In the Navajo Times article, “Former election director says he was unfairly fired” (Feb. 21) by Bill Donovan, he reports that the Navajo Election Administration’s former director, Edbert Little, and his lawyer filed a lawsuit with the Office of Hearings and Appeals against his former company.

This lawsuit has come after a bill the Navajo Nation Council passed which allows employers to terminate the employment of any employee with little to no reason. Little is one of several directors who were let go from their positions following the bill’s passage.

Little’s attorney, Barry Klopfer, states that, “A tribal employee is unlawfully discriminated against when a distinction is made arbitrarily or without sound basis and to his detriment.” He is saying that Little is facing discrimination that is based on randomness and is causing harm towards his client. The way Klopfer is using the word “discrimination” is suggesting that Little was fired based along the lines of race and gender and not based on his work or likeness.

Reasons for his termination come out as “vague” but he was supposedly fired due to failure to purchase equipment, unable to pay for ballots and the conditions of the ballots used in the 2018 Navajo Nation General Election. There were questions on the ballots, which confused many voters rendering them to leave the questions blank and therefore voiding said ballots.

I agree with Little and his attorney to an extent that the reasons that the chairman of the election board allowed for his termination is not ethical.

According to Melvin Harrison, chairman of the election board, Little had no authorization to purchase equipment for his office.

The second reason has been a problem for the Navajo Nation as it is stated that for the past 10 elections, there was the issue of the Council not approving the Navajo Election Administration’s funding in time.

The final reason I feel is the fault of voters who did not know what was being asked of them. This shows that in the next election, and the ones after, voters must do more research of what is being asked on the ballots. Little’s office also needs to explain to the public of the nature of complicated questions.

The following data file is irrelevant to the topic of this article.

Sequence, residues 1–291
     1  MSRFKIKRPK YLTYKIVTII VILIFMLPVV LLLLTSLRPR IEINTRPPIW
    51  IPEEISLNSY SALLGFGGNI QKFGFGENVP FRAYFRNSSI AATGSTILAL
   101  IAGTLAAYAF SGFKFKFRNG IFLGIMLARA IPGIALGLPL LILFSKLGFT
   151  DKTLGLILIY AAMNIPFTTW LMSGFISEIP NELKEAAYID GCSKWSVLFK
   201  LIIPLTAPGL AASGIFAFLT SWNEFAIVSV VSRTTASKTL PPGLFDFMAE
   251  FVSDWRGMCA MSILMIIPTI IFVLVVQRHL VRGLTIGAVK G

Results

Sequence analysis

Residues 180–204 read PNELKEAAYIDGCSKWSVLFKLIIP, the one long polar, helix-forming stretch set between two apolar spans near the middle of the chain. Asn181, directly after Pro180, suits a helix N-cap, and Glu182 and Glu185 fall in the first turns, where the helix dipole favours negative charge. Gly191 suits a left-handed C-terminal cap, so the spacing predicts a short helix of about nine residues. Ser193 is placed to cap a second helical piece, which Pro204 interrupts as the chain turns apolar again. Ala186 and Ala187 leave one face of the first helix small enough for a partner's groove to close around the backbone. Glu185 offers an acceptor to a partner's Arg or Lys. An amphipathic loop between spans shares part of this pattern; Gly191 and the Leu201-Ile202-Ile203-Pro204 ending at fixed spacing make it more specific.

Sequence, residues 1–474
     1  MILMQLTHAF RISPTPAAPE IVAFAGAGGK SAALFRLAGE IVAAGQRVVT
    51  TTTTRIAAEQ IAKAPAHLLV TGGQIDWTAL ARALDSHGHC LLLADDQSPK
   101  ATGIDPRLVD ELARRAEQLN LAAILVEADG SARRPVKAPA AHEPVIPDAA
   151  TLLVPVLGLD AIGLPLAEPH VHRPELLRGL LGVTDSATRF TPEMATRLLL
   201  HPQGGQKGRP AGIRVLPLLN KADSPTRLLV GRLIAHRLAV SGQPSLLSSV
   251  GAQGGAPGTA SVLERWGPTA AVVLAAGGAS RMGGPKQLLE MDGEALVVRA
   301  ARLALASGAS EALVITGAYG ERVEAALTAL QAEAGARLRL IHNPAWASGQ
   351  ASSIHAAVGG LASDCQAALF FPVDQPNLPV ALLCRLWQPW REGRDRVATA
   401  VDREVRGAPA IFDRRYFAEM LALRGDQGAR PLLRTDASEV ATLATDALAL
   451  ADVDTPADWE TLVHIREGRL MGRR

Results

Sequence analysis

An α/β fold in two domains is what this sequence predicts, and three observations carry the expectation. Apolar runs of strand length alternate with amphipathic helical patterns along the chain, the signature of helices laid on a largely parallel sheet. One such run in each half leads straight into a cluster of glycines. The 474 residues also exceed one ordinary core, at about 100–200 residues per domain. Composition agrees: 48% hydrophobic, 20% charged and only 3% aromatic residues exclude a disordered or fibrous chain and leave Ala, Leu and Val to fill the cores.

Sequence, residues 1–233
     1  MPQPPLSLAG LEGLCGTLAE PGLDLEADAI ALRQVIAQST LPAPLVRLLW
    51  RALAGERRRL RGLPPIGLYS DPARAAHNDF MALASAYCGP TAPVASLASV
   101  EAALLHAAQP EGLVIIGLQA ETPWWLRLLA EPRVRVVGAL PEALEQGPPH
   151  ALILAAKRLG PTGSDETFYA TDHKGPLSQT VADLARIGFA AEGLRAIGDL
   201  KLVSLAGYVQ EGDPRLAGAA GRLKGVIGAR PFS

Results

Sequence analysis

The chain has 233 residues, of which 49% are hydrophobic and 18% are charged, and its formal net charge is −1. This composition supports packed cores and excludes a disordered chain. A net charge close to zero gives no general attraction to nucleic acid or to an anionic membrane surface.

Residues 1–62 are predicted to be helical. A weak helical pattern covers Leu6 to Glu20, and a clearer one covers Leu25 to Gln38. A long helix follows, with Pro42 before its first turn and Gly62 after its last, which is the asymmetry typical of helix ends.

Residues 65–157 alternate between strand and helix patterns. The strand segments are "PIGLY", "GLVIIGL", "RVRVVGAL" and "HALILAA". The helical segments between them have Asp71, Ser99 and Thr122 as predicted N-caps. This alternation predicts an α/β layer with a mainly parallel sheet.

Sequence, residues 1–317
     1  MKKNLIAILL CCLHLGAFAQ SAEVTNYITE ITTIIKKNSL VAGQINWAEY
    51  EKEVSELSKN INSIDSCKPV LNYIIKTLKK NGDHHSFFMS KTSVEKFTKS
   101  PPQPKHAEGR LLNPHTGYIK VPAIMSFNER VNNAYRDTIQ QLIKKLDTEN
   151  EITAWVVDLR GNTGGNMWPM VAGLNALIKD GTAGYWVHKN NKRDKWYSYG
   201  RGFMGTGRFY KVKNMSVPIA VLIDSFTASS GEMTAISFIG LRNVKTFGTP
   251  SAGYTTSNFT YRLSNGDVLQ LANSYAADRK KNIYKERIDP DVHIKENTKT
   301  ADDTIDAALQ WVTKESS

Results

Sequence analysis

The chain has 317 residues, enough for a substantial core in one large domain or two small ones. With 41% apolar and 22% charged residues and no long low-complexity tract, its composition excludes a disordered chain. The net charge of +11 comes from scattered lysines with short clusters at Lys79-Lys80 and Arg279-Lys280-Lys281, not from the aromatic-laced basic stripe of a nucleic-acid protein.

I think that Little should also drop the case because the recently passed bill insures that employers can fire any employee with or without reason. He should take the former position in stride and take his skills and experiences to a workplace that would appreciate his work.

Jacob Muskett
Navajo, N.M.

Rules should be in place for social media

In the Navajo Times article titled, “Delegate says person he sexted with is blackmailing him” (Feb. 16) by Donovan Quintero, Navajo Delegate Pernell Halona is being accused of and admits to sexting with a woman on social media. The woman befriended him and talked him into making a sexually explicit video.

Halona tried to tell the press and the people of the Navajo Nation that wouldn’t believe him and also he asked to apologize for his actions that he had done on social media.

Delegate Pernell Halona had gotten a friend request from a woman that he had been talking with to the point where they felt comfortable with each other video chatting. At the time of the friend request Halona had thought, “She seemed very nice. I know now that I should have used better judgment.”

Apparently, he has used better judgment in the past with other women based on what he said in the article. Later on, Halona wrote that he should’ve stopped the video chat when the woman sent an explicit video but Halona’s “curiosity got the best” of him.

According to this article, this behavior isn’t what we put our delegates and officials in the branches of this Navajo government for. It is sickening. On behalf of the delegate and the woman, and the public, some rules need to be put in place. Some solutions may be taken seriously in the time of any other incidents that have happened to the people or the officials in office. Blackmailing or not, this shouldn’t happen for anyone’s sake.

The people depend on our Navajo Nation government to push forward and not have problems and situations like this happen in our tribe and community. Being a role model for younger generations is a privilege.

Terrell M. Davis
Chinle, Ariz.

NTEC should focus on clean energy

In the article, “Attorney: NTEC still studying possible NGS takeover” (Feb. 21) by Arlyssa Becenti, she writes about the feasibility of the Navajo Transitional Energy Company purchasing the Navajo Generating Station.

Focusing on the discussion of the benefits of acquisition, Navajo Nation Council delegates listened to and deliberated the industrial and professional prospects encompassing this tribal issue.

I agree that the purchase of the Navajo Generating Station by NTEC is significant to the Navajo Nation’s economy. For the sake of a healthy future for the Navajo Nation, employment and industry must be addressed by our elected officials and directed back toward the Diné.

Considering all the aspects of the acquisition, I believe NTEC should pursue projects which invest in alternative energy as opposed to the continuance of fossil fuel burning.